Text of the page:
6 April 2018 — 12:15am
In the former category, we’re arguably overstating annual net overseas migration (NOM) by about 20 per cent.
In the latter, there’s Dick Smith’s “Do any of us really want to live in a city of eight million people?” question. Self-evidently, eight million people would, just as five million want to live in Sydney now, 14 million want to live in London and 20 million want to live in New York.
Photo: Nick Moir
As the chorus blaming immigration for all society’s ills grows, numbers are selectively recruited to suit the cause, while a little perspective and the benefits we’ve gained from strong immigration are ignored.
A quick example is the constant repetition of the “record high immigration” phrase. Yes, in absolute numbers the annual 190,000 permanent visas plus humanitarian cases is the highest we’ve done, as was the 250,100 NOM for the year to the end of September, but in percentage terms – a better guide to the perceived impact of migration on the ground – we’re nowhere near it.
Our 250,100 NOM (the extras on top of permanent and humanitarian visas mainly being international students on temporary visas followed by 457 temporary workers) was for a country of 24.7 million – 1 per cent. In 1950, a little Australia of 8.2 million had NOM of 153,685 – 1.9 per cent. That 1950 NOM would have included precious few temporary migrants. The rate of permanent migration was double what it is now.
More recently, to consider the total population growth that so concerns critics, Australia’s resident population increase averaged 1.6 per cent per annum over the five years to 2016, higher than the 1.4 per cent we averaged over the 20 years to 2016, but lower than the 1.8 per cent over the preceding five years. We managed 1.6 per cent again last year – so on an 11-year view, our population growth rate has slowed.
What’s more, it’s arguable that NOM is overstated by about 20 per cent.
A migrant getting off the plane here adds one to our NOM total. If he or she eventually decides to get back on a plane, perhaps deciding to retire to a Greek island, it’s a subtraction from NOM. But if that migrant “leaves” Australia by dying here, the Australian Bureau of Statistics counts the death as a subtraction from our “natural” population increase.
In 2016, the most recent period with detailed information on deaths, 50,664 foreign-born people died in Australia. Only 339 of them were normally resident overseas, so an extra 50,325 migrants left Australia than are counted in NOM. Delete migrants leaving in pine boxes from the “natural” figure and include them in NOM, hey presto, NOM and natural are roughly level pegging, instead of the 63 per cent to 37 per cent split that contributes an exaggerated optic to the anti-migration picture.
Facts versus perceptions
That’s a big picture argument about perceptions. There’s much more to debate about in various migration details.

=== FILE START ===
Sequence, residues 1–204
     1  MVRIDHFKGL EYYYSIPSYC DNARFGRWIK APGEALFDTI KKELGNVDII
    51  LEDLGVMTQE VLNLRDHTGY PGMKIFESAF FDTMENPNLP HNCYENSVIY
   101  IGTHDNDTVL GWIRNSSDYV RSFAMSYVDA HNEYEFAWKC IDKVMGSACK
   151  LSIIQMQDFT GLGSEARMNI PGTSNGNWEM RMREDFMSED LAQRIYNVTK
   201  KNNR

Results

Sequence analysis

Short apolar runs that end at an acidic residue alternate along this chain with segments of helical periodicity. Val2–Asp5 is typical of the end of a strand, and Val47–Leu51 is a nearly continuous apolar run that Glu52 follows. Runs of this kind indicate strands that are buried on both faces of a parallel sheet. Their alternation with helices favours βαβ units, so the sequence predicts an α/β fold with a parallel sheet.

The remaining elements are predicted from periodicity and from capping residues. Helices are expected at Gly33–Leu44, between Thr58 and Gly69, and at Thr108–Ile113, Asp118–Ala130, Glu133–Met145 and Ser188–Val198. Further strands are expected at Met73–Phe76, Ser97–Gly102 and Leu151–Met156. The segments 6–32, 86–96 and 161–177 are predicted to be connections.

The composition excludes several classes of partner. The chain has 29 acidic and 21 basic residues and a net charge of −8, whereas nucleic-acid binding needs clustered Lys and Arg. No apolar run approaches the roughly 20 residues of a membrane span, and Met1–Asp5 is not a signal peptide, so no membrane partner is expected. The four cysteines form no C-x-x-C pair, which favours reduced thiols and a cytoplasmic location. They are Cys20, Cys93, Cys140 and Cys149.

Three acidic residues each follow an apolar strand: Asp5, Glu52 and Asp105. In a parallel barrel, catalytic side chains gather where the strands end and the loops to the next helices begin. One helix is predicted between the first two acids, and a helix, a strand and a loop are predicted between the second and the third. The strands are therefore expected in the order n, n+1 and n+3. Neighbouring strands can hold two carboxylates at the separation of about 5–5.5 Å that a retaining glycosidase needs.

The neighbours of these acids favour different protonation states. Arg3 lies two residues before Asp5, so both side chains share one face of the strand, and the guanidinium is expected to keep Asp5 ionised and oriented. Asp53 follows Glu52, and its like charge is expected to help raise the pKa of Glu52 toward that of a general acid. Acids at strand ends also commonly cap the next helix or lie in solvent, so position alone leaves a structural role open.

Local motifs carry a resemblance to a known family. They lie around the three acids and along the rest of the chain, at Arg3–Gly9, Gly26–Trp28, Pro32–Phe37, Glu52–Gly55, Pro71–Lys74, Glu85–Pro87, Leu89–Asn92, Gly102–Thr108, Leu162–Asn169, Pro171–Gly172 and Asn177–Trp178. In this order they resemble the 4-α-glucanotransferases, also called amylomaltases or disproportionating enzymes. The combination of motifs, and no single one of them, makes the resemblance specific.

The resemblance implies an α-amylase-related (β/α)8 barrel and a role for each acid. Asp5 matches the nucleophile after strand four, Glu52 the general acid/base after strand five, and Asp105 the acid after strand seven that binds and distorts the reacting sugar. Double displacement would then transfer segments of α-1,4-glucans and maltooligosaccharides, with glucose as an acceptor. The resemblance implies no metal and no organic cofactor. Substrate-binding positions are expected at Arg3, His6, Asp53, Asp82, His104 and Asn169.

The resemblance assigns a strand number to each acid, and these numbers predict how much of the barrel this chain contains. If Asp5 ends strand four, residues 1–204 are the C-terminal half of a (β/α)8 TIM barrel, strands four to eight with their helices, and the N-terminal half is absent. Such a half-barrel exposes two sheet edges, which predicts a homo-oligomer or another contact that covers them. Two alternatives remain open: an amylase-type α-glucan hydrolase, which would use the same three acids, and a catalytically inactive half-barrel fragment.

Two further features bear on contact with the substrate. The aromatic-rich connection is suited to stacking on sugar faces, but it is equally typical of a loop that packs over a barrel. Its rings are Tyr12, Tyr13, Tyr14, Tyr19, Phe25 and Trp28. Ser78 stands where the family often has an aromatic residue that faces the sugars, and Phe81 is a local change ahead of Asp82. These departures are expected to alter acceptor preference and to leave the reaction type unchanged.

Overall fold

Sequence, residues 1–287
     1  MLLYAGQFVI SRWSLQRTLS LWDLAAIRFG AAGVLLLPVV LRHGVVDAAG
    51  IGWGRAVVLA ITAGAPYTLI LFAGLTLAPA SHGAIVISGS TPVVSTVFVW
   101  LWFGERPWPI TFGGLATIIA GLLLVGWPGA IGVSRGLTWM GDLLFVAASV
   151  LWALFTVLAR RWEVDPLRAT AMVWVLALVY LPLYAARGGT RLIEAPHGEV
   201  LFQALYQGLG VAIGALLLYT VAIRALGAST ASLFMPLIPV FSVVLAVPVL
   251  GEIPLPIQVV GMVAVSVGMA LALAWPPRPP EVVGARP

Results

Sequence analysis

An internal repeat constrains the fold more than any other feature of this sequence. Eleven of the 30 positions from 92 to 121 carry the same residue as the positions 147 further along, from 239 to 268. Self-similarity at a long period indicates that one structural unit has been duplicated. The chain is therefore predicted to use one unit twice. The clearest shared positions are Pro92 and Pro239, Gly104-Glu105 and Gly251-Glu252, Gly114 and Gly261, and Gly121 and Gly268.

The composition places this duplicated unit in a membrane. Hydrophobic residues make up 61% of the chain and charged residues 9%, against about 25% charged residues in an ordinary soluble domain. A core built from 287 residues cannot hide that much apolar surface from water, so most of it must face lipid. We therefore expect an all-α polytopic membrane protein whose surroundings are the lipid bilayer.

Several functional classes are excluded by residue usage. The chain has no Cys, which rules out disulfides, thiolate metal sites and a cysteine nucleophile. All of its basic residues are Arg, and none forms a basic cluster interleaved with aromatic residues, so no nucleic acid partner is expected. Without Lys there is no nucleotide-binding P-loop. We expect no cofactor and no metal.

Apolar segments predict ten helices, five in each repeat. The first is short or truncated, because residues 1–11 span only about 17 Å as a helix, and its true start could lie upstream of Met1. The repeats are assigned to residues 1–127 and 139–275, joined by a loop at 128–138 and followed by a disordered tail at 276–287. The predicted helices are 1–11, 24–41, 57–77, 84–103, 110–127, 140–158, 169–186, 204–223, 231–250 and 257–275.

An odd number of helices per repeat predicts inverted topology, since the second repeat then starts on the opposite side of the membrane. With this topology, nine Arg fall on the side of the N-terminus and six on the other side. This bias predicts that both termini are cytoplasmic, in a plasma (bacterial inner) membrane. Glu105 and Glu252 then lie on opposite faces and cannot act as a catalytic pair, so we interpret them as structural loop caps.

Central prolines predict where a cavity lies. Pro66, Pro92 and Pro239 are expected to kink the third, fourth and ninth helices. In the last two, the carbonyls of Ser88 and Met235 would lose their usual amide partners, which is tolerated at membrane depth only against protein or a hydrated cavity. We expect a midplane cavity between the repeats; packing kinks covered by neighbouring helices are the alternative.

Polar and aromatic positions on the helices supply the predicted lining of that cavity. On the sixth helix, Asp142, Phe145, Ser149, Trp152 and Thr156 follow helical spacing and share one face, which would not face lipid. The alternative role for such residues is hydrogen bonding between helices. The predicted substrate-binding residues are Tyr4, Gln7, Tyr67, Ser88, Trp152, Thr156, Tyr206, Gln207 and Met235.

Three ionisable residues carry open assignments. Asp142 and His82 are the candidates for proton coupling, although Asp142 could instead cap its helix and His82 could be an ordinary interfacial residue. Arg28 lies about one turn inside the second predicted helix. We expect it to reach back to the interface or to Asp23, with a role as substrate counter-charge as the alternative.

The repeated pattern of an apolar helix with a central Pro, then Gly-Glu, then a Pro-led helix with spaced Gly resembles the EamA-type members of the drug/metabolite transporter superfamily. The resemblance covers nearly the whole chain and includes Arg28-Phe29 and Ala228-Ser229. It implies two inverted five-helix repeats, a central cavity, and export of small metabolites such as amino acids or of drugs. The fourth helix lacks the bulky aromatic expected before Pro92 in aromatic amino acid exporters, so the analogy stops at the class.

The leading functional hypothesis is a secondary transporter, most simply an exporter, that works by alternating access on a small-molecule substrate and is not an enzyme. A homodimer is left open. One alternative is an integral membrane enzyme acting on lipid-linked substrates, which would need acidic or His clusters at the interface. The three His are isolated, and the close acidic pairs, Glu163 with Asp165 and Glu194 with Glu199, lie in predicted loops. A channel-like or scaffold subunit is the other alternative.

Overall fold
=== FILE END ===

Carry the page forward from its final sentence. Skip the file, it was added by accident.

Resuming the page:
For example, Bob Birrell, a constant critic of our immigration program through his Australian Population Research Institute, has had another crack at the skilled migration program which accounts for 130,000 of our annual 190,000 non-humanitarian permanent visas. Birrell claims the program is not needed, employers would barely notice if it was scrapped, that it includes skills that are not in short supply and that most non-English-speaking professionals end up not working as professionals.
There are problems with the list of skills in the program, but his core attack using census data on non-English-speaking professionals has been sunk by a former Immigration Department deputy secretary, Abul Rizvi.
“As Birrell would know better than anyone, high-level census data is a poor tool for making conclusions regarding the effectiveness of skilled migration visa categories,” writes Rizvi. “Migrants who put ‘skilled’ in response to a census question may have entered Australia under a range circumstances, including via the humanitarian program, the family stream; or as secondary applicants in the skill stream (eg the spouse of a primary skilled migrant)…
“It is surprising Birrell makes no reference in his report to the Continuous Survey of Australia’s Migrants (CSAM), which does survey primary migrants in the skill stream. The 2015 CSAM Reportsays ‘at the six-month stage of settlement, almost nine in ten skilled migrants (ie primary migrants in the skill stream) were employed. More than three quarters were working in full-time jobs and more than six in ten were in highly skilled employment. On the basis of these measures, skilled migrants significantly outperformed Australia’s general population. Skilled migrants also had higher earnings on average than the Australian population, but unemployment was slightly worse than the national average.’ It should be noted these are outcomes only six months after arrival.”
The Indian-engineer-turned-taxi-driver mythSuch is the growing popularity of knocking migration though, Birrell’s contribution to perpetuating the Indian-engineer-taxi-driver image gets noticed and Rizvi’s demolition doesn’t.
And that’s only one example. Australian National University demographer Dr Liz Allen has taken aim at Tony Walker’s endorsement on these pages of Tony Abbott’s call to nearly halve our migration program, tweeting that public disquiet about population pressures was being fuelled by such articles that were “false on facts, blaming population rather than politicians” for infrastructure problems.
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